Dr. Ian Hutchins is proud to be a returning Badger. He earned both a B.S. in Genetics and a Ph.D. in Neuroscience from UW-Madison, and his expertise in scientific research has heavily influenced his success in the information and data sector. While working at the National Institutes of Health, he developed the Relative Citation Ratio, a metric used to measure influence at the article, rather than the journal, level. This is an innovative approach to evaluating scientific influence, potentially diversifying the science fields. He will use his experiences and research to inform science policy at the iSchool.
My graduate and postdoctoral training is in neuroscience. In 2013, I changed careers into professional data science to help the federal government improve science policy, by creating new scientific portfolio analysis methods.
What is your area of focus?
I use computational approaches to quantify scientific advance, and identify potential opportunities to improve the organization and effectiveness of the biomedical research enterprise.
What question do you seek to answer in your work?
Scientific career incentives and institutional policies result in a lot of good work, but also a lot of wasted time and resources, and attrition among aspiring scientists. Data science approaches can identify ways to improve the scientific enterprise, accelerate discovery, and advance medical treatments.
One of the most challenging things that biomedical scientists must to do is predict, when choosing which research projects to pursue, which of the many possible projects are most likely to lead to improvements in human health. Part of my work is aimed at building predictive analytics systems that can tell us more about what distinguishes projects that end up moving the needle in health outcomes from those that do not, so that this information can help in decision-making.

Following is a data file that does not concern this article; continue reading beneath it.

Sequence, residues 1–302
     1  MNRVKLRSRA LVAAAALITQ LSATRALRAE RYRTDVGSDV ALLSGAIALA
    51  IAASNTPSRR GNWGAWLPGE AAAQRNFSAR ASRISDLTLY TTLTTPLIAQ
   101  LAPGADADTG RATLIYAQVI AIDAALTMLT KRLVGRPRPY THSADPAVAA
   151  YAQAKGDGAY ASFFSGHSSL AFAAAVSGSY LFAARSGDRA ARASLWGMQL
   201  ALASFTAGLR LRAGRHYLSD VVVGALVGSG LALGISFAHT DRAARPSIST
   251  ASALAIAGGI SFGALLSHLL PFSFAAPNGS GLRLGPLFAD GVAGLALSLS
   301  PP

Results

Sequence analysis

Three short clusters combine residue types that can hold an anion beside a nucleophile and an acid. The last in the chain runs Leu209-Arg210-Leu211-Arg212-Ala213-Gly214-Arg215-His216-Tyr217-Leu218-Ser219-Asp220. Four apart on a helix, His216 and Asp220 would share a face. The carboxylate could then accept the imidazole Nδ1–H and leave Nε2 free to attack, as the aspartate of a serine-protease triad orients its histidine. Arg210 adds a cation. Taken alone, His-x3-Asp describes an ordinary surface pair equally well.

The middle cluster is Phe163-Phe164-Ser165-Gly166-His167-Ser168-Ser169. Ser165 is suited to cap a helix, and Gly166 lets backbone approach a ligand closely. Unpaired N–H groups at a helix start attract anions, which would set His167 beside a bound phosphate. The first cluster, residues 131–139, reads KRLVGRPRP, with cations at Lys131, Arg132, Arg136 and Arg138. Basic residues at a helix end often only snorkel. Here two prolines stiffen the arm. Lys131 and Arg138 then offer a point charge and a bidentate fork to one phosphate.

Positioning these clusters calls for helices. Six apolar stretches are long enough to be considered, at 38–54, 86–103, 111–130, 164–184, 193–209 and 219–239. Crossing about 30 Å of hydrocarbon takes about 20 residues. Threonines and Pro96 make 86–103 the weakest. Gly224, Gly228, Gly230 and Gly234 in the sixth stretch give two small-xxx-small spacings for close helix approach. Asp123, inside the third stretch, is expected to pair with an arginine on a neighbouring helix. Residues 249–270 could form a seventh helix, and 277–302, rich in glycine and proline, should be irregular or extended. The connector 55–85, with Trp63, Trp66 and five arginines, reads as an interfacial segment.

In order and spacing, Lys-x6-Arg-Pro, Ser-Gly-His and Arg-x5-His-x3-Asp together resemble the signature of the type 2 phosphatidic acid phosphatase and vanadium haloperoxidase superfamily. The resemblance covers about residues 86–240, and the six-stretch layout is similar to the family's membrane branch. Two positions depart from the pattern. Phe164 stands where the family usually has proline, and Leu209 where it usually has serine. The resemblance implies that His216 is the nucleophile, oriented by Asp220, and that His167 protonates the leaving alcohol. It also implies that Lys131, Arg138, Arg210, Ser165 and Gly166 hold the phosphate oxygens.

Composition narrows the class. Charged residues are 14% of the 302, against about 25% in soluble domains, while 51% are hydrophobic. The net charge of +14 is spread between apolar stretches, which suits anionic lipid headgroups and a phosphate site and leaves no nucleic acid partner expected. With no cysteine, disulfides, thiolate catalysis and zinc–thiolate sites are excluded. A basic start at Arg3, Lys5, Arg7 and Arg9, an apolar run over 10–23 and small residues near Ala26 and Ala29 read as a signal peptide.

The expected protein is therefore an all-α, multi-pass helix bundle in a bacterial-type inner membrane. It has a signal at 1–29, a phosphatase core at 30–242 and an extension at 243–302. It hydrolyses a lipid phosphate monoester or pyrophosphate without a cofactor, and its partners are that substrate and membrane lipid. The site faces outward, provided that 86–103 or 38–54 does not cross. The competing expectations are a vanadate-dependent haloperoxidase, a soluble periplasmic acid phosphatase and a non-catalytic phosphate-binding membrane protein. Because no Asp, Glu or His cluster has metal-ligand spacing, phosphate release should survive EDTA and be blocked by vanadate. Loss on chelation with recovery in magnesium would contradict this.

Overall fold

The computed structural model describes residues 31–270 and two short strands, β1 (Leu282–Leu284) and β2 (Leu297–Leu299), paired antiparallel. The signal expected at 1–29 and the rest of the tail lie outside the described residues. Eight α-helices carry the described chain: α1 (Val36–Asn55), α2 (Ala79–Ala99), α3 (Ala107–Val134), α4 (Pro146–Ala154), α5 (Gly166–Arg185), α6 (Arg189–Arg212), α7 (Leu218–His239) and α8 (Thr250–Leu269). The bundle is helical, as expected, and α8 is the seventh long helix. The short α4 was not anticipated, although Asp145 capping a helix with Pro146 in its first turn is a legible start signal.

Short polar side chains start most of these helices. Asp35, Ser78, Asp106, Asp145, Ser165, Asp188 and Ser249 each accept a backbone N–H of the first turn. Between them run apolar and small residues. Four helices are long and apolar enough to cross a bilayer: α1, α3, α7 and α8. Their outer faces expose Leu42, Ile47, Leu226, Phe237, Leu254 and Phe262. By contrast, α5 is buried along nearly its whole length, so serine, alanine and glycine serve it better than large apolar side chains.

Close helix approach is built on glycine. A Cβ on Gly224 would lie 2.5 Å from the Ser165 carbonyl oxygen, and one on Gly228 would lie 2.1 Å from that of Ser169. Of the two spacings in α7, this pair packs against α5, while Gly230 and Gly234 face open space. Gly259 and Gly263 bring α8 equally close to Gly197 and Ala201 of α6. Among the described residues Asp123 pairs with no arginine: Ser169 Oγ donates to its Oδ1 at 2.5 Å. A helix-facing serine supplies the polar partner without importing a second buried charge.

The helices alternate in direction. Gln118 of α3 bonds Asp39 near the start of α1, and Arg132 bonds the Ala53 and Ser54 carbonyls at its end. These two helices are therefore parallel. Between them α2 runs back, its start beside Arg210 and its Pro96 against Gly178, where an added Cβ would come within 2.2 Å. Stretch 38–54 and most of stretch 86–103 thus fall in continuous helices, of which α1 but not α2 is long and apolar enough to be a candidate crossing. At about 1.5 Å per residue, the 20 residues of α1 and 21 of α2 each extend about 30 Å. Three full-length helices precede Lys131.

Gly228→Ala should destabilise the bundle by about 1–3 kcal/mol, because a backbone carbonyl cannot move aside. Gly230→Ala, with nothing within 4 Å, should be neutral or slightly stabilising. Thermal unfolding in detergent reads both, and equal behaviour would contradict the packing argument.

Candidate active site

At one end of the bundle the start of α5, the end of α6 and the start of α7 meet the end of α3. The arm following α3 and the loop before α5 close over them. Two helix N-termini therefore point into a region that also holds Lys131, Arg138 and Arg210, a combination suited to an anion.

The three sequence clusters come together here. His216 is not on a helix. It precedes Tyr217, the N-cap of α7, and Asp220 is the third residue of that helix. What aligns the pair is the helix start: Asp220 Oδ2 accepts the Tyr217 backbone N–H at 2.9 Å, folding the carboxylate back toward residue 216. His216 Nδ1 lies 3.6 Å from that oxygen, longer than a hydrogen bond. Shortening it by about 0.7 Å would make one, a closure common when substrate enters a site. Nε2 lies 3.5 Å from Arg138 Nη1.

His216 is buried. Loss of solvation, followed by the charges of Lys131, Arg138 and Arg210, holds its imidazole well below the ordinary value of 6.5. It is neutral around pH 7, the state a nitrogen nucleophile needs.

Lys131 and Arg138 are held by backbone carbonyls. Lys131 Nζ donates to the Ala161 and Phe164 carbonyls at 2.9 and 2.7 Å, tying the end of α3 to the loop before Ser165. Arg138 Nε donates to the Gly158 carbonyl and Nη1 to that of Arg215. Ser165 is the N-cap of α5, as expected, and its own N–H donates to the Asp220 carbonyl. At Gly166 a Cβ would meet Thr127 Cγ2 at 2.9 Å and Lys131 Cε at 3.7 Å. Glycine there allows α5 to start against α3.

What is one thing you hope students who take a class with you will learn?
The data and information sciences represent a great toolkit for analyzing problems and supporting decision-making, and it’s a toolkit that creative and innovative people have a lot of fun using.
What attracted you to UW-Madison?
As a native Wisconsinite, I’m incredibly proud of our state’s public university system, and especially its flagship campus here. I’m thrilled to be returning to UW-Madison.
How does your work relate to the Wisconsin Idea?
My work supports open science initiatives, which ensures that the general public has access to biomedical research data. For example, I spearheaded the COVID-19 Portfolio, which gives members of the public timely access to the latest COVID-19 studies. Wisconsin residents deserve this kind of access to biomedical research findings, especially since the pandemic began, which gets right to the heart of the Wisconsin Idea.
Anything else you’d like to share?